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COVID-19 vaccine doesn't harm the placenta during pregnancy, study finds

Experts hope these findings reduce some of the skepticism about the vaccine for pregnant women

Photo (c) Marina Demidiuk - Getty Images
A new study conducted by researchers from Northwestern University explored the safety of pregnant women getting the COVID-19 vaccine. 

According to their findings, the vaccine poses no harm to the placenta. Based on the important role that the placenta plays in a pregnancy, the researchers hope these findings can reduce some of the hesitancy surrounding pregnant women getting vaccinated. 

“The placenta is like the black box in an airplane,” said researcher Dr. Jeffery Goldstein. “If something goes wrong with a pregnancy, we usually see changes in the placenta that can help us figure out what happened. From what we can tell, the COVID vaccine does not damage the placenta.” 

Keeping pregnant women safe

The researchers analyzed the placentas of 200 pregnant women who delivered at Prentice Women’s Hospital in Chicago. Of that group, 116 women received the COVID-19 vaccine during their third trimesters and 84 women were unvaccinated when they gave birth. 

The researchers learned that there were no major differences in the placentas of vaccinated versus unvaccinated women. In looking at infections, injuries, and blood flow from mother to fetus, there was no indication that the COVID-19 vaccine posed any threat to pregnant women or their babies.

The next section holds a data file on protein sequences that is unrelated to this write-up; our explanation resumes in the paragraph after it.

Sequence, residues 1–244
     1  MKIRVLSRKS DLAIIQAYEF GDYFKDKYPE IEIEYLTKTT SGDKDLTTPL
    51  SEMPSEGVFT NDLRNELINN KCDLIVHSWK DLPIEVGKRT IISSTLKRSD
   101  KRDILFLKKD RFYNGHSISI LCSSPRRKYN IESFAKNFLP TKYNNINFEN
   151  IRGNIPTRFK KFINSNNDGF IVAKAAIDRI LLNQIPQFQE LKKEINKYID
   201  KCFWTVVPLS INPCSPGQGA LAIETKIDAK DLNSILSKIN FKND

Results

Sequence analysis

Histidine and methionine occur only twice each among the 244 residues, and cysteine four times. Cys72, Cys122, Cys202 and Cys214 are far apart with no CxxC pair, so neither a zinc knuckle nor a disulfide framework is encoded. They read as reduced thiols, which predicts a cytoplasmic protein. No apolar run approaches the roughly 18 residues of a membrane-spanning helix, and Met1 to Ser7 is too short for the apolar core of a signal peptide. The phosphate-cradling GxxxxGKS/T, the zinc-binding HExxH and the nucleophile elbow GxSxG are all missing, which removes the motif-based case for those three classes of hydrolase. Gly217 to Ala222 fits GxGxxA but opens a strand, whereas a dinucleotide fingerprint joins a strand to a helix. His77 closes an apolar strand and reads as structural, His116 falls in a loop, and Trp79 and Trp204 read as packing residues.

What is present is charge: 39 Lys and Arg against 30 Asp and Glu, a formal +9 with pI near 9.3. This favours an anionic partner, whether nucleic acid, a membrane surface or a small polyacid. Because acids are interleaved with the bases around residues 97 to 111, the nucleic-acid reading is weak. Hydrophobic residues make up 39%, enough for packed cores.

“The internet has amplified a concern that the vaccine might trigger an immunological response that causes the mother to reject the fetus,” Dr. Goldstein said. “But these findings lead us to believe that doesn’t happen.” 

One of the biggest differences between vaccinated and unvaccinated women was the antibody count; vaccinated women tested positive for COVID-19 antibodies, while unvaccinated women had no traces of antibodies. 

“We are beginning to move to a framework of protecting fetuses through vaccination, rather than from vaccination,” said researcher Dr. Emily Miller. “Until infants can get vaccinated, the only way for them to get COVID antibodies is from their mother.” 

Moving forward, the researchers hope these findings make consumers feel more confident in the safety and efficacy of the COVID-19 vaccine -- especially for pregnant women. 

“We have reached a stage in vaccine distribution where we are seeing vaccine hesitancy, and this hesitancy is pronounced for pregnant people,” said Dr. Miller. “Our team hopes these data, albeit preliminary, can reduce concerns about the risk of the vaccine to the pregnancy.” 

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